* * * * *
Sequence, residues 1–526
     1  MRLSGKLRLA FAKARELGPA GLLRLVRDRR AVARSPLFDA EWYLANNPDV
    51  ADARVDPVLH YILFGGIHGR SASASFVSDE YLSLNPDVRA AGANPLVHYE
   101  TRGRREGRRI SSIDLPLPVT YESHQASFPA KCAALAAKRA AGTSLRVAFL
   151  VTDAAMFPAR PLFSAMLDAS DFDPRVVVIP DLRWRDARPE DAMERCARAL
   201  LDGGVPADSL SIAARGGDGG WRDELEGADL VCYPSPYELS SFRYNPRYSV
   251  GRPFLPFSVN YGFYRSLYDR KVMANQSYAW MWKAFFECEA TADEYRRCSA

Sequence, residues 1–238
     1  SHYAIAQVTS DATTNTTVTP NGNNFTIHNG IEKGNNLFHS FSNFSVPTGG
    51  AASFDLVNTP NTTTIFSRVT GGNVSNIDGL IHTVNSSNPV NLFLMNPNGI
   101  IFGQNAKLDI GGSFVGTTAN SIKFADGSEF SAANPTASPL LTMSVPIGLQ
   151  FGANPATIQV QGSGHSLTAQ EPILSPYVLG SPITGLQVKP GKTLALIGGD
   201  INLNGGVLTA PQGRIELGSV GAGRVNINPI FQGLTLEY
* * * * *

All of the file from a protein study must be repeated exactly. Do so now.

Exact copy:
Sequence, residues 1–526
     1  MRLSGKLRLA FAKARELGPA GLLRLVRDRR AVARSPLFDA EWYLANNPDV
    51  ADARVDPVLH YILFGGIHGR SASASFVSDE YLSLNPDVRA AGANPLVHYE
   101  TRGRREGRRI SSIDLPLPVT YESHQASFPA KCAALAAKRA AGTSLRVAFL
   151  VTDAAMFPAR PLFSAMLDAS DFDPRVVVIP DLRWRDARPE DAMERCARAL
   201  LDGGVPADSL SIAARGGDGG WRDELEGADL VCYPSPYELS SFRYNPRYSV
   251  GRPFLPFSVN YGFYRSLYDR KVMANQSYAW MWKAFFECEA TADEYRRCSA

Sequence, residues 1–238
     1  SHYAIAQVTS DATTNTTVTP NGNNFTIHNG IEKGNNLFHS FSNFSVPTGG
    51  AASFDLVNTP NTTTIFSRVT GGNVSNIDGL IHTVNSSNPV NLFLMNPNGI
   101  IFGQNAKLDI GGSFVGTTAN SIKFADGSEF SAANPTASPL LTMSVPIGLQ
   151  FGANPATIQV QGSGHSLTAQ EPILSPYVLG SPITGLQVKP GKTLALIGGD
   201  INLNGGVLTA PQGRIELGSV GAGRVNINPI FQGLTLEY